Hiking Recommendations Near Davis

Kate and I do a fair amount of hiking within a few hours’ drive from Davis — you can find us and the pup hitting the trails almost every Saturday. We’ve done scores upon scores of hikes in the area and found that there’s a decent variety to choose from, with trails meandering through great fields of wildflowers, across rolling green hills, by icy granite mountains dotted with alpine lakes, along beaches beside hundreds of elk and a couple whales splashing in the distance, within fairytale forests of giant redwoods, and everything in between.

Unfortunately, Davis’ location in the Central Valley means that many of the best hikes are 1-2 hours’ drive away; the immediate area is mostly hot, flat farmland, so hiking is tricky without a car. In any case, every so often somebody asks us for recommendations on where to hike, so we’ve put together this document detailing some of our favorite trails. I’ll expand upon this post periodically when I have the time and inclination. Dogs are generally allowed unless otherwise noted, but try to find out explicitly in case I’m wrong or regulations have changed (though people — including park rangers lol — don’t seem to care much regardless). Also, most of the below pictures are ones we’ve taken, but my file management sucks so sometimes I can’t find the appropriate shots, and in those cases I’ve pulled a few photos from google and noted their sources. Finally, some of the panoramas might be hard to make much of, since WordPress resizes photos, but you can open them individually in a separate tab to better see them.

Enjoy!

General:

We like to use alltrails.com and everytrail.com to scout out hikes; they have a user friendly interface. We’ve also used the book “60 Hikes Within 60 Miles: Sacramento” to find closer trails (although IIRC it’s 60mi as the crow flies, so not all of them are especially close).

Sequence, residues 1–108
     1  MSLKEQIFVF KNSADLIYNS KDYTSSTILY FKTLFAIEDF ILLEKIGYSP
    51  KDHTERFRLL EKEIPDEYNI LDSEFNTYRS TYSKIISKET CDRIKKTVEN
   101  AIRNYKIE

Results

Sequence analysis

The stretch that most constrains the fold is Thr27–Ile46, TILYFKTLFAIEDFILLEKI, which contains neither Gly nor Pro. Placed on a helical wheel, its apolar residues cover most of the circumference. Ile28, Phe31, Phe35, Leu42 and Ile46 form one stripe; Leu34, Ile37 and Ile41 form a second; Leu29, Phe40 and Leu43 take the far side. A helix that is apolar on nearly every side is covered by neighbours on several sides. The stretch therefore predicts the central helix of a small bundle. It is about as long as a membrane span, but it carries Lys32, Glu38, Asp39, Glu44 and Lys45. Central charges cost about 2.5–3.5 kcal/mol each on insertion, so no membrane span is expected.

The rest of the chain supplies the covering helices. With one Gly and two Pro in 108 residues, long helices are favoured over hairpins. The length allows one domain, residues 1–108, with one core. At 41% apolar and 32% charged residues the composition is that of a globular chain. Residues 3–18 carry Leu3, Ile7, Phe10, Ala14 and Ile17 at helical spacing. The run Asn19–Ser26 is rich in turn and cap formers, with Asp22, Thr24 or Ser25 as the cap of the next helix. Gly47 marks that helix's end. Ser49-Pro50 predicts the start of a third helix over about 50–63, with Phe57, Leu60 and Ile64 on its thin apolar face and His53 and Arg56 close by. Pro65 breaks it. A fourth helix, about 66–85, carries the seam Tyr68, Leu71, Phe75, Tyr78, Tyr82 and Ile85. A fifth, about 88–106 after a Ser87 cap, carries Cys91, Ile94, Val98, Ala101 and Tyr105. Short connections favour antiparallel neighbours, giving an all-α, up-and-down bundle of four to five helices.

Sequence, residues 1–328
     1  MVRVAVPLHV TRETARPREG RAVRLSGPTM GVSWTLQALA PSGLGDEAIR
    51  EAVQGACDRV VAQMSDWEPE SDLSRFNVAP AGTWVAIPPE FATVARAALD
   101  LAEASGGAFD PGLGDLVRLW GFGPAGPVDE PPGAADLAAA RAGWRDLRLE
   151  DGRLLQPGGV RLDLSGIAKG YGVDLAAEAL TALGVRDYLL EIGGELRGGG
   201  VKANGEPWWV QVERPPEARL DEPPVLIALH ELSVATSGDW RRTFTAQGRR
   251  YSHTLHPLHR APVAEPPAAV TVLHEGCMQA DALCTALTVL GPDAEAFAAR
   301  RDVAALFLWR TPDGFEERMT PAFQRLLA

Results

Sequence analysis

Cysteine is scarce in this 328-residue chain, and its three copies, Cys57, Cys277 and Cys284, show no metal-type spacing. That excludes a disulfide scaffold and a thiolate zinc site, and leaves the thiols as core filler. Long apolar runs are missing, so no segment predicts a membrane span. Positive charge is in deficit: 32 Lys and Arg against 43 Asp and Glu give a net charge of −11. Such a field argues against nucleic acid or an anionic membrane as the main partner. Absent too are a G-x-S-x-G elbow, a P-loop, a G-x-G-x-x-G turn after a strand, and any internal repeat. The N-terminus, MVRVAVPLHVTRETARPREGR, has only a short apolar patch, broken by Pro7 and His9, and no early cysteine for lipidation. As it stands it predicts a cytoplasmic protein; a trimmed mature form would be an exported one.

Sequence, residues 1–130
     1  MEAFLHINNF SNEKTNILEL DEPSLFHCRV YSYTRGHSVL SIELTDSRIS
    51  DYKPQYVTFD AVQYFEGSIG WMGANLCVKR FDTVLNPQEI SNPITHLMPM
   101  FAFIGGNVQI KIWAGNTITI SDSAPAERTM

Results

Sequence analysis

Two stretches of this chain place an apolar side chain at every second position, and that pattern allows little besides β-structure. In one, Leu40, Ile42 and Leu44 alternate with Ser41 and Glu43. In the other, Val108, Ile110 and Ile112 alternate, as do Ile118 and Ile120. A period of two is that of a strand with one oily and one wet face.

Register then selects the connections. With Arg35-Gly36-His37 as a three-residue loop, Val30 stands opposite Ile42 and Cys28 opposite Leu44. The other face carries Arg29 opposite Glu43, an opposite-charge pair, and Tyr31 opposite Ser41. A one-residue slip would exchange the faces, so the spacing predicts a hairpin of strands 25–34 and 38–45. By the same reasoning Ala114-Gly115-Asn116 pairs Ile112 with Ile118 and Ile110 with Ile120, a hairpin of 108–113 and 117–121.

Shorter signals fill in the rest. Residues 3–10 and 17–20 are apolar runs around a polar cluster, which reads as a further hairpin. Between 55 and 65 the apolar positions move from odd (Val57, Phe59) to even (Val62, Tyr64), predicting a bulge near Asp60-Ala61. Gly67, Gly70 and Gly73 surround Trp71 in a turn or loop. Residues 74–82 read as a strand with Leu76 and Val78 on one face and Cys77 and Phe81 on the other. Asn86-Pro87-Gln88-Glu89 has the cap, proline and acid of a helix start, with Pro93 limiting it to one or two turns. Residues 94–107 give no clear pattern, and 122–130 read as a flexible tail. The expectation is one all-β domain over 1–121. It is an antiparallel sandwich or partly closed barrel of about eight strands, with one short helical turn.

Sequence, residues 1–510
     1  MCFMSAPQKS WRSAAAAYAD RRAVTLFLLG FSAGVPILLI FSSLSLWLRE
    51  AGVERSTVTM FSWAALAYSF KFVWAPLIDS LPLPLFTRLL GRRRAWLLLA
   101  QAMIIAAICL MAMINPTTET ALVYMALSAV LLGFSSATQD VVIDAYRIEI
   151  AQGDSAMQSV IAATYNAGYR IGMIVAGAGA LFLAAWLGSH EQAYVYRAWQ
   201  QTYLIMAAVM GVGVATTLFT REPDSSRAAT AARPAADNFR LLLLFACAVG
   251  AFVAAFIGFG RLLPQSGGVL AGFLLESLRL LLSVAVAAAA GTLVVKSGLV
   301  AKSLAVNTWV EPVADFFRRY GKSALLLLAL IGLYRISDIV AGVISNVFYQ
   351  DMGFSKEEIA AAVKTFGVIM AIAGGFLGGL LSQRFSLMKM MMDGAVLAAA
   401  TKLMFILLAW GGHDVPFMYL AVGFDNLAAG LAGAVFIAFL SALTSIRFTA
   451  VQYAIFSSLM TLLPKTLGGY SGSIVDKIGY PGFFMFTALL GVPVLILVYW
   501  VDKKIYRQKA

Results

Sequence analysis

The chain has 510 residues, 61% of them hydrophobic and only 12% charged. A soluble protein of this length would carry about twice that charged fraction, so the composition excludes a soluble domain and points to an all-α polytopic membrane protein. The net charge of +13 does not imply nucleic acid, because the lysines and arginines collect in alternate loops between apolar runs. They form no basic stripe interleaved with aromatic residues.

Super close to or within Davis:

Arboretum walk: a pleasant stroll along the river, though depending on the season it might be more of a putting green. Pretty shady, but unless you go in the early morning or late night it’s more of a 3-season hike. Since it parallels much of campus, there are lots of bathrooms (and occasional stores) along the way. A favorite Sunday morning walk for me, Kate, and the pup after grabbing coffee and treats downtown.IMG_2792_nofilter.jpg

Green Belt: a series of parks, lawns, and bike/footpaths linking many of the green spaces within Davis. Also plenty of pools, tennis courts, skate parks, a dog park, etc. scattered throughout. Several fruit trees (e.g. citrus, persimmon, fig, and pomegranate) grow in the park, but be careful not to fall!

 

Putah Creek Reserve: Not a bad place to walk when you want a change of pace from the Arboretum and Greenbelt, at least for being a

Close to Davis (1/2 hour drive):

Lake Berryessa Homestead/Blue Ridge Trail: A fun, pumpy loop hike with good views of the lake. Can get a bit crowded on the weekends and hot in the summers. Side trails (e.g. to Annie’s peak) offer good ways to extend the hike past the otherwise short ~5 mi. IMG_2996.JPGIMG_2983.JPGIMG_2994.JPGImage result for lake berryessa hiking trails(last picture not mine)

Ways away from Davis (1 hour drive)

South Fork American River: There’s a solid network of trails here that can be linked up to form a 20+ mile loop (and if you’re feeling especially restless you can walk to Folsom Lake and back!), many of which roughly parallel the American river. Away from the river it’s pretty warm, but there’s a decent cooling effect when you’re right beside it.  Plenty of wildflowers bloom here in the spring. Cronan Ranch, the set of some old movie, is a particularly neat place to visit.